• Mike Schilling in reply to Rufus F. says:

        I’m maybe a bit helpful if there are questions about Chateaubriand,
        Besides white wine and shallots, what would you put in the marinade?Report

    • DensityDuck in reply to RTod says:

      Here’s some discussion of how actual Classical cultures treated women:

  2. Then somebody came alone later on and ruined the whole tale by deciding Iphigenia was saved at the last minute, whisked away, unbeknownst to her father and all the other mortals, by for some strange reason the goddess Athene, I think. She was later happily reunited with her beloved brother Orestes.
    I forget now the name of the playwright who wrote that particular later retelling of the myth. I think he got a job sometime later on writing for Marvel Comics.Report

    • Yeah, I don’t know about the modern ones. According to the myth, though, she was saved at the last minute by Artemis, who I think had her swapped for a fawn. This doesn’t happen in Euripides’s play, but there have been accounts of a missing final scene in which a messenger appears and tells us all that happened. Nobody’s found that scene and it might be a bit like E.T. coming back to life at the end. Nevertheless, Euripides did write another play earlier about Iphigenia, ‘Iphigenia in Tauris’, and that one is set years later, after Clytaemnestra and Agamemnon have been killed and Iphigenia is stuck on Tauris, where she has the ironic job of ritually sacrificing people who land on the island. So, clearly, that one sticks to the myth and Iphigenia was saved. You’ll notice that the plays in which Clytaemnestra kills Agamemnon for killing her daughter might not make a hell of a lot of sense in this version- but many accounts held that, yes, Artemis saved her, but in a way that her family did not know she was saved. Also, I would love to see a Marvel comics version of this story.Report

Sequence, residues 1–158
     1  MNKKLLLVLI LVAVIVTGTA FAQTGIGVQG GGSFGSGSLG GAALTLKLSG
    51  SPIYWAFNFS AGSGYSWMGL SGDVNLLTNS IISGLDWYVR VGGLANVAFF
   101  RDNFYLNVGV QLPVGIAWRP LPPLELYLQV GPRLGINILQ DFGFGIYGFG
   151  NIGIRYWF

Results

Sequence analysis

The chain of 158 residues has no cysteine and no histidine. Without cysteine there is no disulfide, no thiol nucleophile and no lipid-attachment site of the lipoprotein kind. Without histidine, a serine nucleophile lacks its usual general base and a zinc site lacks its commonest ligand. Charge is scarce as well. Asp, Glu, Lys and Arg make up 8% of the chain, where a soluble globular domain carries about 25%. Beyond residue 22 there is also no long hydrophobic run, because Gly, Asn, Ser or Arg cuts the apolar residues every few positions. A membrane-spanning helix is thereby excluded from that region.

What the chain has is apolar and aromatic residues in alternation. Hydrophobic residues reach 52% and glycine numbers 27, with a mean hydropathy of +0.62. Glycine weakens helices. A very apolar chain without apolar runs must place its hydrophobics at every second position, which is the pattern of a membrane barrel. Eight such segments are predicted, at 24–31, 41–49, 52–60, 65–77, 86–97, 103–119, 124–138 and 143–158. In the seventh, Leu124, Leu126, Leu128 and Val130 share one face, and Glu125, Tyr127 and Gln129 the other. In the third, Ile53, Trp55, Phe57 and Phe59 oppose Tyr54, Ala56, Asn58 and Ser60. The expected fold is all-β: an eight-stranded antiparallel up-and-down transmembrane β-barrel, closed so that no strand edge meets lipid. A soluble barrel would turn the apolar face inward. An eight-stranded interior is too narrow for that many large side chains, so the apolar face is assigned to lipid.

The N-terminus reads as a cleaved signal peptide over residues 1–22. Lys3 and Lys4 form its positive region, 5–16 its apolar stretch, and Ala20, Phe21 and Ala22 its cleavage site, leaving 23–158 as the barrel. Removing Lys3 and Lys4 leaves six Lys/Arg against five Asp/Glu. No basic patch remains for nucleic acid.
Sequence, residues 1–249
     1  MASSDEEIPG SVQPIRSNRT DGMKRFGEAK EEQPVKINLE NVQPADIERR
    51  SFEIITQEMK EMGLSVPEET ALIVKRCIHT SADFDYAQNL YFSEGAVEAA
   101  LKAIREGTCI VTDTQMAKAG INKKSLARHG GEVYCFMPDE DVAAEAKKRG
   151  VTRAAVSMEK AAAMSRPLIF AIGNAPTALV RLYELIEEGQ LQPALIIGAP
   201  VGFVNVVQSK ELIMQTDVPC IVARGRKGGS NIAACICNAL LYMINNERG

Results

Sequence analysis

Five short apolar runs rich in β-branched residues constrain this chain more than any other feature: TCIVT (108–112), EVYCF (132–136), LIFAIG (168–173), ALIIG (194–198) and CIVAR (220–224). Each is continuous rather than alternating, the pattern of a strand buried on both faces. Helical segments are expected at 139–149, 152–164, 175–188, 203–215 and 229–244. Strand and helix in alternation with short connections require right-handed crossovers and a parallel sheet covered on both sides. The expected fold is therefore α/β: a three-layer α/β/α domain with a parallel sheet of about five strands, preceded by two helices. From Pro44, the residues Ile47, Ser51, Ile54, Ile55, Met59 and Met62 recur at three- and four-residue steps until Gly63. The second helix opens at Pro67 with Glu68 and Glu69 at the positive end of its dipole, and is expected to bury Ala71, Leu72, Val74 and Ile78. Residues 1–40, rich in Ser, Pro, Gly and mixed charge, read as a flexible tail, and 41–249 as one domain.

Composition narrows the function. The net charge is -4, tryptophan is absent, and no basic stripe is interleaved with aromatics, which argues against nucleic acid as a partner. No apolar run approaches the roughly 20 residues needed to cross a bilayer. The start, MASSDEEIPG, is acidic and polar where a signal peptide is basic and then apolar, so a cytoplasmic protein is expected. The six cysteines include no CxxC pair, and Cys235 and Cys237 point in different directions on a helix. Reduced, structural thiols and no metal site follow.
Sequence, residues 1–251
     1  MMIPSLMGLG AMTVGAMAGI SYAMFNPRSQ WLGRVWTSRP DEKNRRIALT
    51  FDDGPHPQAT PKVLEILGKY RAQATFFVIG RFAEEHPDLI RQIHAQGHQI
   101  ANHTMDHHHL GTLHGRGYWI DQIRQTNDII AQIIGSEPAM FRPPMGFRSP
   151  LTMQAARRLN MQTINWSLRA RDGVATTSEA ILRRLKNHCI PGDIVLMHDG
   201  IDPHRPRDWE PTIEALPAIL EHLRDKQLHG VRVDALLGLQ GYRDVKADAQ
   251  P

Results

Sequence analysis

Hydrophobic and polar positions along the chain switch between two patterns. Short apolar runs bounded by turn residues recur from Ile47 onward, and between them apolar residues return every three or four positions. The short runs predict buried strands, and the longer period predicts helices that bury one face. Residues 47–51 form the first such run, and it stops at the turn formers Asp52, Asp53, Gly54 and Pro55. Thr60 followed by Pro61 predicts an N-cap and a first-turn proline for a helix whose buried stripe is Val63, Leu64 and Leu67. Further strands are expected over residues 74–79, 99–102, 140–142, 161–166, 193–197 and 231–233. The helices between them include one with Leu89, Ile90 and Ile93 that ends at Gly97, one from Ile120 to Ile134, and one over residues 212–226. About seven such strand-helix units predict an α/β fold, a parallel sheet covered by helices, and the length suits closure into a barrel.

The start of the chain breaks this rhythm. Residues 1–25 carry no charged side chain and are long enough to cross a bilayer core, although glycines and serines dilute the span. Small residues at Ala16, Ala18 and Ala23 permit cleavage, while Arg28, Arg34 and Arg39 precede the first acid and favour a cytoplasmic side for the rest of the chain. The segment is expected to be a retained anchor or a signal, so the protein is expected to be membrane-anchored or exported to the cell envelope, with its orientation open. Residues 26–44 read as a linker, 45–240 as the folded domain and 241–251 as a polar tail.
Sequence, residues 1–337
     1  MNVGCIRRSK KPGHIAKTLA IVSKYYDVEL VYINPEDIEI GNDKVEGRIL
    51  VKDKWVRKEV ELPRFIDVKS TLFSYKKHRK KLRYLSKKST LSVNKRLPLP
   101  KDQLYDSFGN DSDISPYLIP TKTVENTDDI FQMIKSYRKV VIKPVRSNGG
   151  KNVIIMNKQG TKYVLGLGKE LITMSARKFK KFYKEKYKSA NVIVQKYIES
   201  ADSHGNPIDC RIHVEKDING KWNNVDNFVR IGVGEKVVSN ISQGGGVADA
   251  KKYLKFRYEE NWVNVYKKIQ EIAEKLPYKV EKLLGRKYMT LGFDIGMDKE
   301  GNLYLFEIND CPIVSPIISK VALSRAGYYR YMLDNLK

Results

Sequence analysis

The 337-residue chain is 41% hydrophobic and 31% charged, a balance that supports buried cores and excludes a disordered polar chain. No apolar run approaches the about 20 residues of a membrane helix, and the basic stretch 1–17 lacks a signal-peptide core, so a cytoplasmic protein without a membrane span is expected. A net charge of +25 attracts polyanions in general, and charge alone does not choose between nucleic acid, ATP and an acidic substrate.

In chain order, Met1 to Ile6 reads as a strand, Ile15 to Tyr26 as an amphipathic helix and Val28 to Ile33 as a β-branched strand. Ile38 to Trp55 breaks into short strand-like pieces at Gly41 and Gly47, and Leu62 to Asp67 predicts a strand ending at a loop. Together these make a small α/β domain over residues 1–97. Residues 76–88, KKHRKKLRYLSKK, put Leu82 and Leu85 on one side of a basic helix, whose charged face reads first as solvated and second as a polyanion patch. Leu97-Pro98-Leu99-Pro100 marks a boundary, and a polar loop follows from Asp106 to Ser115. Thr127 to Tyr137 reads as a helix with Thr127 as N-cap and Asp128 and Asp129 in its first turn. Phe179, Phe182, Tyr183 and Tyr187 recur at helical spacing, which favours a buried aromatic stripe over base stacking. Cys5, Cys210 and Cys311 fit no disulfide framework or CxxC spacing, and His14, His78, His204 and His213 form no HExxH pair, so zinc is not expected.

3. Jaybird says:

    Tall and tan and young and lovely
    The girl called Iphigenia goes walking
    And when she passes,
    each one she passes goes – ah

    When she dies, she’s like a sacrifice
    That burns like a fire and chills just like ice
    That when she passes,
    each one she passes goes – ooh(ooh)Report

  4. Barry says:

    “Troy? Is her father’s betrayal too much to bear? I suspect the most likely reason is that classic Greek motivation of honor. Iphigenia will be remembered well for dying for her country; Greek heros always want to leave behind a good-looking corpse. Her heroism is ironic and an apt image of war as the sacrificial slaughter of the young by the old. It’s almost too much to bear, which was surely Euripides’s intention.”

    I like this – both the idea (of the playwright) of having a woman die for honr, and the idea of war as a sacrifice.Report